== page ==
Puffin’ and buffin’s not just for the ladies

The gas registry

Everyone knows about Bridezilla. She hems and haws and demands that everything be perfect and rags on her husband-to-be and isn’t very nice to individuals working in thye service industry. But we live in the age of metrosexuals and do-it-yourself tooth whiteners. That means the newest witchy wedding whiners are not the brides, but the grooms. Enter Groomzilla.

Groomzilla may not be so concerned about the flowers and favors, but he is obsessed with spreadsheeted budgets and cost cutting solutions. He doesn’t so much want to plan the wedding as to oversee its planning. According to Time Magazine, Groomzilla wants a “$1,800 custom-made worsted-wool suit” and eyebrow wax and a manicure.

The “bridezillas” who pay assiduous attention to nuptial details haven’t disappeared. But increasingly they’re joined at the altar by “groomzillas,” who care just as much about the particulars of the big day. Whereas a decade ago many men limited their input to the choice of DJ for the reception, growing numbers are now getting involved with everything from seating plans and table decorations to wedding-cake design and keepsakes for guests.

According to NPD Research, a New York based marketing firm, 80% of men are now active co-partners in the wedding-planning process. Really, now. Not surprising, considering one can now create a registry for just about anything, just about anywhere.

That may be true in the big city, but I’m pretty sure that’s not true where my family lives in a small town in the south. I don’t know what I’d do if The Beard had a different idea regarding what our (at this point, highly fictional) wedding ceremony should be like. Okay…that’s not quite true. But I’ve been dreaming of my wedding for ages. And I like to keep things simple and authentic. I don’t plan on becoming Bridezilla, but I do want to stick to the plan.

12 Responses to “Puffin’ and buffin’s not just for the ladies”

  1. Lou DiCola says:

    The story about Groomzilla is not news to me and my wife, Sylvia, who owns and operates Danese Creations Tailoring and Bridal, in Phoenix. We’ve noticed this trend for awhile now, and I sometimes try to fight it by taking the groom aside and giving him some manly advice. I tell him, ” Look. You shouldn’t be involved with this wedding in the least bit. All you should do is pick out the tuxes you want, and show up, and that’s all, and here’s why. One of these days you’re going to want to do something that your wife doesn’t want you to do, and when that day comes, you can say that you let her plan her wedding anyway she wanted, and now it’s your turn. ”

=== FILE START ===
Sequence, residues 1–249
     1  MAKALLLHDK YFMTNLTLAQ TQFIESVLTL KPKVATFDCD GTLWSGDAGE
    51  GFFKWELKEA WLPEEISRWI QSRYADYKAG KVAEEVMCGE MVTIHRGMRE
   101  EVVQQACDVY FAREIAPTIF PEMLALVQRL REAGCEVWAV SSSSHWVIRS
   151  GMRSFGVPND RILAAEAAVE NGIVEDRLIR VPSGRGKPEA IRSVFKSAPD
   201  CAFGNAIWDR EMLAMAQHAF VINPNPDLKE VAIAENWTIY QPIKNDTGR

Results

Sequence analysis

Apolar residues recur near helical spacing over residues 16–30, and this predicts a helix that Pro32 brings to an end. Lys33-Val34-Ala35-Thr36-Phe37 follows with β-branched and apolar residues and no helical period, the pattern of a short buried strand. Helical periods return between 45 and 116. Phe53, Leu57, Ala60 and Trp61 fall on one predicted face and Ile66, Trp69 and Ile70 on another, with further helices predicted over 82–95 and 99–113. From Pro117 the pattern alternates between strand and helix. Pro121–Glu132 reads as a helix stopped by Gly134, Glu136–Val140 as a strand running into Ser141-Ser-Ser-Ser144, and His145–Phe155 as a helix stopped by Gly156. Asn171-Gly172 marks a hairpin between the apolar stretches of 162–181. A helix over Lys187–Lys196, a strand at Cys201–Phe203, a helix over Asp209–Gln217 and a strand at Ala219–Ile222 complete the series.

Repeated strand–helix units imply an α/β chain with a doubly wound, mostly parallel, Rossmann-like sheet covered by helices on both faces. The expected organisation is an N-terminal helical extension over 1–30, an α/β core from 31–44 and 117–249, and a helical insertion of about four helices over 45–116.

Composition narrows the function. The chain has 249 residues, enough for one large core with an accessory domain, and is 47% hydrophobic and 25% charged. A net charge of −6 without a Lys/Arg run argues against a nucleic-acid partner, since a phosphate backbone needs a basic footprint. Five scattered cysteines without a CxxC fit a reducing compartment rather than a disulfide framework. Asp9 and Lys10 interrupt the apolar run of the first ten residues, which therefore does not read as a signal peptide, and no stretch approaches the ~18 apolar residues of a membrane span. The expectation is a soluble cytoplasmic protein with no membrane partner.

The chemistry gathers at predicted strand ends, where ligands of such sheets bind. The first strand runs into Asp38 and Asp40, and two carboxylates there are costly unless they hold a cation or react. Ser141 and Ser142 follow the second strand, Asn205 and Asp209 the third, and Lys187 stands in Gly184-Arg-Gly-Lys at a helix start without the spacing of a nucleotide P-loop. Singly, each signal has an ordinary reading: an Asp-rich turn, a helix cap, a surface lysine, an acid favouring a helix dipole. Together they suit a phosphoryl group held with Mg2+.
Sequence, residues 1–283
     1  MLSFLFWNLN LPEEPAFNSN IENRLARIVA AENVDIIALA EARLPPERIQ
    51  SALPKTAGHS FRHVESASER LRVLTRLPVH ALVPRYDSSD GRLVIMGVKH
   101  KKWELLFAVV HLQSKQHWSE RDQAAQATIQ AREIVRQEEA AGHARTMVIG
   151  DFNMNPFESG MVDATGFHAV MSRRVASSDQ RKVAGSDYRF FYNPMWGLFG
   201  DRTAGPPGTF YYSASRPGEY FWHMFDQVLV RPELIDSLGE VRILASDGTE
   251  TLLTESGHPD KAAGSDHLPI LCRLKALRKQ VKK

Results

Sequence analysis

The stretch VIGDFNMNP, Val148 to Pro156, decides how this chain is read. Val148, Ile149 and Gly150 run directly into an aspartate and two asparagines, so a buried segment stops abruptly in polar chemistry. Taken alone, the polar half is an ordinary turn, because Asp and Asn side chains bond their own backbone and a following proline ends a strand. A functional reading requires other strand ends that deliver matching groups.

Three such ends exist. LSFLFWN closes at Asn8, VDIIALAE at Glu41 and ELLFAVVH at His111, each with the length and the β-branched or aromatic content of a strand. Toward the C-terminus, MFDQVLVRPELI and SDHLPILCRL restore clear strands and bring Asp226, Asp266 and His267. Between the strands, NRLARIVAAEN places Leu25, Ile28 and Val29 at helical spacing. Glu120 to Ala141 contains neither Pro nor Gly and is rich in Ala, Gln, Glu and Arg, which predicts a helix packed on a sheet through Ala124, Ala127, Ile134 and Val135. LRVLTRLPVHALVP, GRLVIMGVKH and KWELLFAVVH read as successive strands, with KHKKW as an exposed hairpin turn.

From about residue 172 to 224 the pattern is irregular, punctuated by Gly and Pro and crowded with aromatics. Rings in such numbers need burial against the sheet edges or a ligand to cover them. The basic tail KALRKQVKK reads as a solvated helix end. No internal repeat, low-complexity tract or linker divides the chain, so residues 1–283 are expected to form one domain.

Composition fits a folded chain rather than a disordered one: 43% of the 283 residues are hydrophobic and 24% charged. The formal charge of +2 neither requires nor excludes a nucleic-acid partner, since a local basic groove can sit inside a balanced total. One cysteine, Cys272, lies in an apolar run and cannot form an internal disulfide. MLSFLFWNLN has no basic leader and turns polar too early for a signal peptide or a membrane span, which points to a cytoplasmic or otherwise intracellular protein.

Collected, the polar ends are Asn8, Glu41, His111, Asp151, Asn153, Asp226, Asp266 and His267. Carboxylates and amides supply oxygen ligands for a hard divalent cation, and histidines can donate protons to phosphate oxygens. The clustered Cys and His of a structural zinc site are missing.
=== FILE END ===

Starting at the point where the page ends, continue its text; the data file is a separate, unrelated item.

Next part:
I don’t know if this will help of these grooms now, but it makes me feel good to know that I’ve added at least one more arrow to their quiver when they themselves are called to battle in the war of the sexes.

  2. Mrs. B says:

    Wow. That guy, Lou, is one scary dude.

    His poor wife. What a manipulative jerk.

    My husband (of 10 years) helped with the details of the wedding. It was a beautiful day that said “US”, not “me, the bride”. We had many compliments that it was the most beautiful and meaningful wedding the guests had been to, and that they could see both of us as individuals, as well as the couple, in the details.

    And now, 10 years later, we actually talk about our problems, and work them out, rather than “pulling arrows from our quivers”.

    Please, Lou. Grow up, or get counseling, or something.

    And stop giving “manly advice” to young people. If there’s a battle/war between the sexes in your house, it’s probably because there is another problem.


  3. La BellaDonna says:

    I agree with the lovely Mrs. B. I was under the impression that marriage was a joint venture, and a joint adventure, not a battle between two participants and, I suppose, as many innocent bystanders as possible dragged into the fray.

    Unpleasant “advice,” unpleasant attitude. I shall light a candle for the unfortunate Sylvia.

  4. Never teh Bride says:

    A wedding, IMHO, should be about two people, not just the one with the XX chromosomes. However, I do know a few future brides who have tactfully and not so tactfully encouraged their future husbands to butt out! In that case, I feel bad for the men, who might not like the idea of strung Christmas lights or a cold seafood gelee. Really, if The Beard wanted to add something to my dream wedding, I’d let him. It can only help relations later on.

  5. jj says: